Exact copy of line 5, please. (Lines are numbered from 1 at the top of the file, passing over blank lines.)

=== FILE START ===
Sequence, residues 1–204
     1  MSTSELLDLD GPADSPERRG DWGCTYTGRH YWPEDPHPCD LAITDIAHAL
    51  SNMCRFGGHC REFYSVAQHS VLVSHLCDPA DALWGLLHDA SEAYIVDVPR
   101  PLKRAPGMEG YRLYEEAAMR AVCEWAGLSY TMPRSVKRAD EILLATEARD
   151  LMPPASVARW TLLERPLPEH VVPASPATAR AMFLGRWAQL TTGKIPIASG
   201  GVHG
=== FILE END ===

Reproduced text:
   151  LMPPASVARW TLLERPLPEH VVPASPATAR AMFLGRWAQL TTGKIPIASG